I’ve written before about getting organized, especially when it comes to cleaning up my office. My breakthrough came the last time, when I realized I’m the kind of person who needs to see everything out that I’m working on. Same with my to-do list. (See
Cleaning Up the Office, Round 3.)
I use paper for my to-do list. I need to see the whole thing, so I can make those small priority changes throughout the day or the week. I don’t use software (although, when OmniFocus is available, I might try that). Paper works for me.
I’m coaching a manager who was organized as a technical person–he knew what he had to do, he knew when he had to do it, and he got everything done. He became a manager, and started floundering after about a year. He was still getting things done, but the personal cost was too high–too many hours at work, too much stress. As a manager, the number of tasks he had to track was higher and broader than as a technical contributor.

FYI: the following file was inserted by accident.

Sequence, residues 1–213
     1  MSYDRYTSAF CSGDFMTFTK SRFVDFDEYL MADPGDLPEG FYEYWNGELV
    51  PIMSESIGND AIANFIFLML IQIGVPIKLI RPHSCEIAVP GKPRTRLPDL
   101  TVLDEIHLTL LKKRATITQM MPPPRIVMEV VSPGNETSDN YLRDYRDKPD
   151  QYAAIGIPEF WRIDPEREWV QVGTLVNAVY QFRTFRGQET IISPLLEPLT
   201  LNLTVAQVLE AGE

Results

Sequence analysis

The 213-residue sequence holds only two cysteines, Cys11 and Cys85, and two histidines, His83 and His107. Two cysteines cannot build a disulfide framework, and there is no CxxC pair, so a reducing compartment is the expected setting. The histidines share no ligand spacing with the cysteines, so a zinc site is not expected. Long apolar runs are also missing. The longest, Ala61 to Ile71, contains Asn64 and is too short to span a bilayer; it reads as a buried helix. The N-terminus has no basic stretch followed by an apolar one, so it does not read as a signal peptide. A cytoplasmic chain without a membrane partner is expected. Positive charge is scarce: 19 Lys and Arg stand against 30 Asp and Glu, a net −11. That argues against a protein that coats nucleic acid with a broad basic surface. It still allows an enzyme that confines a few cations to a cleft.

A manager’s work is different than a technical person. A manager’s span of influence is much broader, so managers tend to have more (smaller) tasks, especially tasks that move across the organization. For me, and for my colleague, that requires a different set of organizing skills.
Once you’re managing several people, you need a low-level project portfolio. See Courage Required. That way you can see what everyone is working on, and resolve any context-switching (so technical people get their work done more quickly). You’ll need one-on-ones to check in with folks on a regular basis, so you know if their work is at risk. These two organizing “tools” allow you to see all the work people are doing, so you know if you need to change what you’re doing.
Don’t think you can manage the management tasks with a project scheduling tool–that’s the wrong tool for disparate tasks of varying sizes with no interdependencies except for you. As with any system, first decide how you need to organize and manage the tasks manually, and then you can see if an electronic tool will help.
If you’re a manager, acknowledge that your list of things to do is different and allow yourself to see how you need to manage it differently than you managed your list when you were not a manager.Tags: management, one-on-one, project portfolio, project portfolio management